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The Contest Of Wills, Personalities And Warcraft Between The World War II Adversaries Erwin Rommel, Nazi Germany's Genius General Known As ''The Desert Fox'' By His Enemies, And Bernard Montgomery, Great Britain's Most Distinguished Military Commander Known As "Monty" By The Allies, Hosted And Narrated By Gerald McRaney And Presented In The Highest DVD Quality MPG Video Format Of 9.1 MBPS As An MP4 Video Download Or Archival Quality All Regions Format DVD! (Color, 1995, 48 Minutes.)
Erwin Rommel, German General, Field Marshal and military theorist (November 15, 1891 - October 14, 1944) is #born Johannes Erwin Eugen Rommel at Heidenheim, in Wurttemberg, Germany. Popularly known as the Desert Fox, he served as field marshal in the Wehrmacht (armed forces) of Nazi Germany during World War II, as well as serving in the Reichswehr of the Weimar Republic, and the army of Imperial Germany. Rommel was a highly decorated officer in World War I and was awarded the Pour le Merite, Germany's highest military award,for his actions on the Italian Front. In 1937 he published his classic book on military tactics, Infantry Attacks, drawing on his experiences in that war. In World War II, he distinguished himself as the commander of the 7th Panzer Division during the 1940 Battle Of France. His early victories and leadership of German and Italian forces in the North African campaign established his reputation as one of the ablest tank commanders of the war, and earned him the nickname der Wustenfuchs, "the Desert Fox". However, in 1943, he was defeated at El Alamein by the British under General Montgomery. Among his British adversaries he had a reputation for chivalry, and his phrase "war without hate" has been used to describe the North African campaign. A number of historians have since rejected the phrase as myth and uncovered numerous examples of war crimes and abuses both towards enemy soldiers and native populations in Africa during the conflict. Other historians note that there is no clear evidence Rommel was involved or aware of these crimes (although Caron and Mullner point out that his military successes allowed these crimes to happen) with some pointing out that the war in the desert, as fought by Rommel and his opponents, still came as close to a clean fight as there was in World War II. He later commanded the German forces opposing the Allied cross-channel invasion of Normandy in June 1944. A number of historians connect Rommel himself with war crimes, although this is not the opinion of the majority. With the Nazis gaining power in Germany, Rommel gradually came to accept the new regime, with historians giving different accounts on the specific period and his motivations. He is generally considered a supporter and close friend of Adolf Hitler, at least until near the end of the war, if not necessarily sympathetic to the party and the paramilitary forces associated with it. His stance towards Nazi ideology and his level of knowledge of the Holocaust remain matters of debate among scholars. In 1944, Rommel was implicated in the failed 20 July plot to assassinate Hitler. Because of Rommel's status as a national hero, Hitler desired to eliminate him quietly instead of immediately executing him, as many other plotters were. Rommel was given a choice between committing suicide, in return for assurances that his reputation would remain intact and that his family would not be persecuted following his death, or facing a trial that would result in his disgrace and execution; he chose the former and on October 14, 1944 committed suicide at age 52 near Ulm, Germany using a cyanide pill. Rommel was given a state funeral, and it was announced that he had succumbed to his injuries from the strafing of his staff car in Normandy. Rommel has become a larger-than-life figure in both Allied and Nazi propaganda, and in postwar popular culture, with numerous authors considering him an apolitical, brilliant commander and a victim of the Third Reich, although this assessment is contested by other authors as the Rommel myth. Rommel's reputation for conducting a clean war was used in the interest of the West German rearmament and reconciliation between the former enemies - the United Kingdom and the United States on one side and the new Federal Republic of Germany on the other. Several of Rommel's former subordinates, notably his chief of staff Hans Speidel, played key roles in German rearmament and integration into NATO in the postwar era. The German Army's largest military base, the Field Marshal Rommel Barracks, Augustdorf, is named in his honour.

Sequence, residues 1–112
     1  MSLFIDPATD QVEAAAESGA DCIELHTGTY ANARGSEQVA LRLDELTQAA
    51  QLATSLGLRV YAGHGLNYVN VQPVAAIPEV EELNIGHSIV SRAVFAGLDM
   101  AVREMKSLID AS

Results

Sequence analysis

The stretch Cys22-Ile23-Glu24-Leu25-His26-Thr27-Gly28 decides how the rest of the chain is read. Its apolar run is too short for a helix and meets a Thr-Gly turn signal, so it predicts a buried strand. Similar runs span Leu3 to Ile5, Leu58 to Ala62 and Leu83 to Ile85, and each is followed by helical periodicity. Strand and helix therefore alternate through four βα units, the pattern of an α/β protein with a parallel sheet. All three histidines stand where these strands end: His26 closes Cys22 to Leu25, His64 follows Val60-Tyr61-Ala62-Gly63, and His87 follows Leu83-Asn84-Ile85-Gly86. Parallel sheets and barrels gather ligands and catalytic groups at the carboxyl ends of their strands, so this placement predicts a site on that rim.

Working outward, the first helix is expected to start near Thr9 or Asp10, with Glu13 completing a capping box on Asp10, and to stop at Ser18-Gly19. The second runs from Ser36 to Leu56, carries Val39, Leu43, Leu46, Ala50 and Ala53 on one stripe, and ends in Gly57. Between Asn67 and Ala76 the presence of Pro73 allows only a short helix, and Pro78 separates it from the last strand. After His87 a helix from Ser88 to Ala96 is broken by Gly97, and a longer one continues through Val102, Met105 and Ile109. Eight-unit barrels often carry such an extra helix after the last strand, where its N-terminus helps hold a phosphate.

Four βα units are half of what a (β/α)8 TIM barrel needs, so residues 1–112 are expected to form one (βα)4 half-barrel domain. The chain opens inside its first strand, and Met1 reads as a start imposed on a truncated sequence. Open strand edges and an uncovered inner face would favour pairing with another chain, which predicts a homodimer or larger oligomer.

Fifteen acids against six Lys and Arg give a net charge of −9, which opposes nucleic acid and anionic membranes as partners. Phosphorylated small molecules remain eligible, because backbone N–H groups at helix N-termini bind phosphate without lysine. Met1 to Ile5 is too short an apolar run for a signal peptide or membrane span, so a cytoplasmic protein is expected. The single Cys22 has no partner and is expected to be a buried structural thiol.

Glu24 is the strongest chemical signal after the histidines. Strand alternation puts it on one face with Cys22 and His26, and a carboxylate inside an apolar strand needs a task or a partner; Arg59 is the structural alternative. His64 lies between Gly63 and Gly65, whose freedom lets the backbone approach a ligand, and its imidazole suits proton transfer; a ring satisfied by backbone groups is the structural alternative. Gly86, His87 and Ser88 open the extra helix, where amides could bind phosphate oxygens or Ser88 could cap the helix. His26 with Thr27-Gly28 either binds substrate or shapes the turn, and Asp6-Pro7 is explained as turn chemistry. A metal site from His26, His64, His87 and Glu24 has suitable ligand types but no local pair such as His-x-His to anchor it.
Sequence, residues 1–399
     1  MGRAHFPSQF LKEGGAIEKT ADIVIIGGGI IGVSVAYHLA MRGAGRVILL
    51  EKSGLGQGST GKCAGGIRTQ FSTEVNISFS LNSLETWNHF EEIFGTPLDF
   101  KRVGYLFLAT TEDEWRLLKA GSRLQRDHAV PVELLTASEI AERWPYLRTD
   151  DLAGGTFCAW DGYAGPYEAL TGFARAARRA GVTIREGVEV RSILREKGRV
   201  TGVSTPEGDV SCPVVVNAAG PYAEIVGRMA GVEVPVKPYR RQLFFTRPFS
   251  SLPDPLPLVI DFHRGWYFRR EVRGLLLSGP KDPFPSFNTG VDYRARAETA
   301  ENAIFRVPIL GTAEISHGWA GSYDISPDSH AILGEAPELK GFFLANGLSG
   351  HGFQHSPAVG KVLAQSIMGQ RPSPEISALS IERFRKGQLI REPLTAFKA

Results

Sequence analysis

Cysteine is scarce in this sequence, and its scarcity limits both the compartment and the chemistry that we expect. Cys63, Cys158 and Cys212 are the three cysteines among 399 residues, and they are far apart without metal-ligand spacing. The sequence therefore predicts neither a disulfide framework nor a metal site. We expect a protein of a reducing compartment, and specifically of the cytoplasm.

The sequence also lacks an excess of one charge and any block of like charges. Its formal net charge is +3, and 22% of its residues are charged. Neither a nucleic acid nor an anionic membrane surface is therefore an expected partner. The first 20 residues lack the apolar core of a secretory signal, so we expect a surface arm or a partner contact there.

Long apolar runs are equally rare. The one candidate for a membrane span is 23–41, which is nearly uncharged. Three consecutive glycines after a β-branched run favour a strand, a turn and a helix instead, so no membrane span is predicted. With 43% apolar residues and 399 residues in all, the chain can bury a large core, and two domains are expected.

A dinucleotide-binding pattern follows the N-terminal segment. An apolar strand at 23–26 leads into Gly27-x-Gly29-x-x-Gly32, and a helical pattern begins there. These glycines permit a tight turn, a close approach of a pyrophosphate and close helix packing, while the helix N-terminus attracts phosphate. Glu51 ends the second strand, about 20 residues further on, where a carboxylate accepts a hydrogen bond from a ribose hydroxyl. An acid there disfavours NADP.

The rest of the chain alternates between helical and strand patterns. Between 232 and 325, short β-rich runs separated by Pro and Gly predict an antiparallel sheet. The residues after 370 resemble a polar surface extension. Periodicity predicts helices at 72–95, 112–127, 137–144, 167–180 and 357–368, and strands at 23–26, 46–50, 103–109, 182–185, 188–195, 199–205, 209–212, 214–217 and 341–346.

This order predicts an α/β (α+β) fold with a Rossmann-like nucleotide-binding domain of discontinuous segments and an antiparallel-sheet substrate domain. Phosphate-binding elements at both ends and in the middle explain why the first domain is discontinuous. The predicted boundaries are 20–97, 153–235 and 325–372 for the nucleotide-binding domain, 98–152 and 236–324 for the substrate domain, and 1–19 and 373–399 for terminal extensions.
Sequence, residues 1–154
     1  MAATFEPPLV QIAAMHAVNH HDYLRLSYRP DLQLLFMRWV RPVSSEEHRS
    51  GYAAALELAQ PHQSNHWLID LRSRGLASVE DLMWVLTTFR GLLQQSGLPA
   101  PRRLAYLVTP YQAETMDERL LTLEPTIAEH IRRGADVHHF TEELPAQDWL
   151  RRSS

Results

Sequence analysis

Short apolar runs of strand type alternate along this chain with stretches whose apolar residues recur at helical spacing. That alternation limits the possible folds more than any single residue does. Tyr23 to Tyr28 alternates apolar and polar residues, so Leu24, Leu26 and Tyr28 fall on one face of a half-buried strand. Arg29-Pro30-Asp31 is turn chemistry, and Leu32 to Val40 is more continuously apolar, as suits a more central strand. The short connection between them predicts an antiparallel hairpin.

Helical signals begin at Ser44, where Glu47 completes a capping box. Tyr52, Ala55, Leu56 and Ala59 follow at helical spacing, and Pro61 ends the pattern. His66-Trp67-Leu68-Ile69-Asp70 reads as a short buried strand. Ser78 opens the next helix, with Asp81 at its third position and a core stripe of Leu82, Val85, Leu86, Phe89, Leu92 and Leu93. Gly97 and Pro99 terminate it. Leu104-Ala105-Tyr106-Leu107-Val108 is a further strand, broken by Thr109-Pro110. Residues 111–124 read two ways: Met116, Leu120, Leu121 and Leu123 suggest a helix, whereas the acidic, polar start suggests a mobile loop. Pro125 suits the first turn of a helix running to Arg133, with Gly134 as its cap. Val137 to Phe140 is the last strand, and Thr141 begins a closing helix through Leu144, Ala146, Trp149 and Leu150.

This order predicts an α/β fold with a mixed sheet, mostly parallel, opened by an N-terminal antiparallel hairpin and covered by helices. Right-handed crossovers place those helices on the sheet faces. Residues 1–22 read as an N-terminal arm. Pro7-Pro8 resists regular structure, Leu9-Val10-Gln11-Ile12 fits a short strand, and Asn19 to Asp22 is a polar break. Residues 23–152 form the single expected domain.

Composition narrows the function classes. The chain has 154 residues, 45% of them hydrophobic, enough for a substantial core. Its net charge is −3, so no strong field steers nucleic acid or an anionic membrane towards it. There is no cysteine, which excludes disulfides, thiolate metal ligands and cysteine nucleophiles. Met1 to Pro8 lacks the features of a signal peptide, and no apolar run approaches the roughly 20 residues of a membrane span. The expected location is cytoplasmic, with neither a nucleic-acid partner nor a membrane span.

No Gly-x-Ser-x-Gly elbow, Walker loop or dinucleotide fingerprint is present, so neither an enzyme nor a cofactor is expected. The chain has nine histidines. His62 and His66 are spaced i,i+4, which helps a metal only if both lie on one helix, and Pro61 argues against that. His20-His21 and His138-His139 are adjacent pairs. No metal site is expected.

Bernard Montgomery, 1st Viscount Montgomery of Alamein, KG, GCB, DSO, PC, DL, (November 17, 1887 - March 24, 1976), nicknamed "Monty" and the "Spartan General", English field marshal who fought in both wars of the European Civil War: the First European War (the First World War) and the Second EuropeanWar (the Second World War) was born Bernard Law Montgomery in Kennington, Surrey in south London, England. He saw action in the First World War as a junior officer of the Royal Warwickshire Regiment. At Meteren, near the Belgian border at Bailleul, he was shot through the right lung by a sniper, during the First Battle of Ypres. He returned to the Western Front as a general staff officer and took part in the Battle of Arras in April/May 1917. He also took part in the Battle of Passchendaele in late 1917 before finishing the war as chief of staff of the 47th (2nd London) Division. In the inter-war years he commanded the 17th (Service) Battalion, Royal Fusiliers and, later, the 1st Battalion, Royal Warwickshire Regiment before becoming commander of 9th Infantry Brigade and then General Officer Commanding (GOC) 8th Infantry Division. During the Second World War he commanded the British Eighth Army from August 1942 in the Western Desert until the final Allied victory in Tunisia in May 1943. This command included the Second Battle of El Alamein, a turning point in the Western Desert Campaign. He subsequently commanded the British Eighth Army during the Allied invasion of Sicily and the Allied invasion of Italy. He was in command of all Allied ground forces during Operation Overlord from the initial landings until after the Battle of Normandy. He then continued in command of the 21st Army Group for the rest of the campaign in North West Europe. As such he was the principal field commander for the failed airborne attempt to bridge the Rhine at Arnhem, and the Allied Rhine crossing. On May 4, 1945 he took the German surrender at Luneburg Heath in Northern Germany. After the war he became Commander-in-Chief of the British Army of the Rhine (BAOR) in Germany and then Chief of the Imperial General Staff (1946-1948). He then served as Deputy Supreme Commander of NATO in Europe until his retirement in 1958. Montgomery died from unspecified causes in 1976 at his home Isington Mill in Isington, Hampshire, aged 88.